Near-term expansion plans for the guide include new sections covering: Commercial Kitchen Equipment; Stormwater Management with Compost; Rainwater Harvesting; Vegetative Roof Systems; Constructed Wetlands; Integrated Pest Management; Structural Steel; and Indoor Air Quality Management-Moisture Control. In addition, guidance for using environmental management systems in construction projects and for building on environmentally sensitive sites is being developed.
EPA intends the guide to be a living document-expanding into new sections and raising the bar as the green building industry matures. To review and comment on the Guide, go to http://fedgreenspecs.wbdg.org and click on the "comments" button at the bottom of each page.
Alison Kinn Bennett is co-chair of the U.S. EPA's Green Building Workgroup. She can be reached by phone at 202.564.8859 or by e-mail at email@example.com.
The July 2006 quarterly release of the Unified Facilities Guide Specifications (UFGS)-used by the Navy, Army, NASA and other federal agencies to develop their project-specific construction specifications-includes updates of more than fifty specifications based on the sustainability approaches in the Federal Green Construction Guide for Specifiers. To view the new, "greener"UFGS visit www.wbdg.org/ccb/browse_org.php?o=70.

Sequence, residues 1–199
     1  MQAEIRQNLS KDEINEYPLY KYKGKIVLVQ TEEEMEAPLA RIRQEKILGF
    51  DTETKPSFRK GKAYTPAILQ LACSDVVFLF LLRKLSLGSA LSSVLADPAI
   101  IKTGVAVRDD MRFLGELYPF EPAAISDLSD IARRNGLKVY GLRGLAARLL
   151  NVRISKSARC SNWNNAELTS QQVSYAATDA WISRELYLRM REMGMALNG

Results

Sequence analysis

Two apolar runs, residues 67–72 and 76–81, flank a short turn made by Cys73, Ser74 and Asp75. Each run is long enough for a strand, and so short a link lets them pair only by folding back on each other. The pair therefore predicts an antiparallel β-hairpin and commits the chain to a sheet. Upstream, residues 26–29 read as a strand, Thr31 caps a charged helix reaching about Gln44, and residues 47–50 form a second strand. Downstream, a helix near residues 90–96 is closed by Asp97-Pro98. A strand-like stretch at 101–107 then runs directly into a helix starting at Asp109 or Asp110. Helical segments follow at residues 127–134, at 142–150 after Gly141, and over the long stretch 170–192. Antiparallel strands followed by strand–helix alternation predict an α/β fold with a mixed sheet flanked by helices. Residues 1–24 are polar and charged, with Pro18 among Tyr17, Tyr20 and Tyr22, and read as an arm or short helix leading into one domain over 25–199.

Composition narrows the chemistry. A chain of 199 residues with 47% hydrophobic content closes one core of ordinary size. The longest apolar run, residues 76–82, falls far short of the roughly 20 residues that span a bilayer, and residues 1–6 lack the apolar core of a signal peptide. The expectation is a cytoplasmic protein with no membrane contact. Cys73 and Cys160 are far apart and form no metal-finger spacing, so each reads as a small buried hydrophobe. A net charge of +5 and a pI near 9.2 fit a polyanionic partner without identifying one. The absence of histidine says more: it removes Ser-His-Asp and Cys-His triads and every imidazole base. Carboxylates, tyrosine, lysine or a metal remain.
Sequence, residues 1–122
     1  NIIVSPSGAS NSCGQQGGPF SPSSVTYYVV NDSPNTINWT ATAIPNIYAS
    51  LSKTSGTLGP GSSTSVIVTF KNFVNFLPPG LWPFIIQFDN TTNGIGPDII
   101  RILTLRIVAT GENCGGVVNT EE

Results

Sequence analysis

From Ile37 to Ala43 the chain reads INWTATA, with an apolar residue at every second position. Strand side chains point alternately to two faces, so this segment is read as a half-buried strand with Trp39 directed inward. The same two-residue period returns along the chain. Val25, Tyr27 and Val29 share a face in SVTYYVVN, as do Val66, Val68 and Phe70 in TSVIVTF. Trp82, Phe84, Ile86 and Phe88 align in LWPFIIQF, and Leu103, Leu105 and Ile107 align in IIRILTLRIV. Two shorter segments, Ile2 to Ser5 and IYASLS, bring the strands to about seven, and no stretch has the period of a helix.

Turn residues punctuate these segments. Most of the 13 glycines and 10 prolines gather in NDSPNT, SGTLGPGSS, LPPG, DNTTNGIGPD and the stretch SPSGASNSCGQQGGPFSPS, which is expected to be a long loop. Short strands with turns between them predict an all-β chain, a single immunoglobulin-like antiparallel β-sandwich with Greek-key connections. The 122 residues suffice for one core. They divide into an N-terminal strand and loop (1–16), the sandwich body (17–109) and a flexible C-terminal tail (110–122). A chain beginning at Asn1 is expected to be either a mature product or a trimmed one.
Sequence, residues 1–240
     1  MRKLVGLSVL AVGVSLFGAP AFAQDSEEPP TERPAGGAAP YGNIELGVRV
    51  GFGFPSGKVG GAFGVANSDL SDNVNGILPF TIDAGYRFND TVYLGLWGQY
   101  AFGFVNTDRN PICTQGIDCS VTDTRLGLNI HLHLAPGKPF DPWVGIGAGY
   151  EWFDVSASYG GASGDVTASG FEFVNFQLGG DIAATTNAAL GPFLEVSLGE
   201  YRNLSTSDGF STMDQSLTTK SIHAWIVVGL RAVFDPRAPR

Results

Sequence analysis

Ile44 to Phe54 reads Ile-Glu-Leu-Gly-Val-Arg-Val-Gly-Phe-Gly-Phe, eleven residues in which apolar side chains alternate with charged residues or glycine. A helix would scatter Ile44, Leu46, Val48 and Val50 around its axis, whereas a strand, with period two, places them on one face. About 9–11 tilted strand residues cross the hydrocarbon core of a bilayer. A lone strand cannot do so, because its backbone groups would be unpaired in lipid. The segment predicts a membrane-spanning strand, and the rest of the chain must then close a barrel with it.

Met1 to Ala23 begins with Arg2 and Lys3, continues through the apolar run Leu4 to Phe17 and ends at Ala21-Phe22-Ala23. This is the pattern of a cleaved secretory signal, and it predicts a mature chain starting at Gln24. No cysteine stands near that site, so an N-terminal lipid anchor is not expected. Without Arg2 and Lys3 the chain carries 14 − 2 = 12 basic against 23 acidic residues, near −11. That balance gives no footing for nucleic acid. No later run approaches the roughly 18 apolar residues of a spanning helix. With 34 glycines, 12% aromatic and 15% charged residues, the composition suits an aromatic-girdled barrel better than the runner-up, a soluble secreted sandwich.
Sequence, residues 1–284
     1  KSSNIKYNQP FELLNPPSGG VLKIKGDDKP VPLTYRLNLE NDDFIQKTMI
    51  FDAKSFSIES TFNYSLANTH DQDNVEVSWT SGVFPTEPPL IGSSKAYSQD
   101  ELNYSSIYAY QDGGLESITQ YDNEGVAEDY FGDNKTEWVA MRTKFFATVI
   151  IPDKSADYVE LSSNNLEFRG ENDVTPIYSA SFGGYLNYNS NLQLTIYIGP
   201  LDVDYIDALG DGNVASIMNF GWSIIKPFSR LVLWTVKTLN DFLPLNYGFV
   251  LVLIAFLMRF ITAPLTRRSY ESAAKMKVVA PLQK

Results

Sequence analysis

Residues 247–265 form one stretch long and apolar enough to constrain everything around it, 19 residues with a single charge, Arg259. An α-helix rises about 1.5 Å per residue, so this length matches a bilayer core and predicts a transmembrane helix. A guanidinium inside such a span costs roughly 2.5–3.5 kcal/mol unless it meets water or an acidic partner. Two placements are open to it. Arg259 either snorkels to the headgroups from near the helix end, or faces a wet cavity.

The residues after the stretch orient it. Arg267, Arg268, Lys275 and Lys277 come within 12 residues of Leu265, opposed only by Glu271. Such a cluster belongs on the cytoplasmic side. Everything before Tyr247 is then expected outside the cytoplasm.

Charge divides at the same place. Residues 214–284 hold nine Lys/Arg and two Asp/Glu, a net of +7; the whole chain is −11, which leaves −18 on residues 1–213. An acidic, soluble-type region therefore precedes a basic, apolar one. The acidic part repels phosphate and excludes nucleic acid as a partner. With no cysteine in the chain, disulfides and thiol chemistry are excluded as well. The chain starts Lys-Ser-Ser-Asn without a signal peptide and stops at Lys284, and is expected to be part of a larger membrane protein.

Sections for which Model Green Guide Spec Language has been Developed:
DIVISION 01 GENERAL REQUIREMENTS
01 10 00 Summary
01 30 00 Administrative Requirements
01 74 19 Construction Waste Management
01 57 19.11 Indoor Air Quality (IAQ) Management
01 57 19.12 Noise And Acoustic Management
01 57 19.13 Environmental Management
01 40 00 Quality Requirements
01 41 00 Regulatory Requirements
01 42 00 References
01 50 00 Temporary Facilities and Controls
01 67 00 Environmental Product Requirements
01 74 13 Progress Cleaning
01 78 53 Sustainable Design Close-Out Documentation
01 91 00 Commissioning
01 79 11 Environmental Demonstration and Training
01 78 23 Operation and Maintenance Data
01 81 30 Green Power Requirements
DIVISION 02 SITE CONSTRUCTON
02 41 13 Selective Site Demolition
DIVISION 03 CONCRETE
03 30 00 Cast-In-Place Concrete
03 40 00 Precast Concrete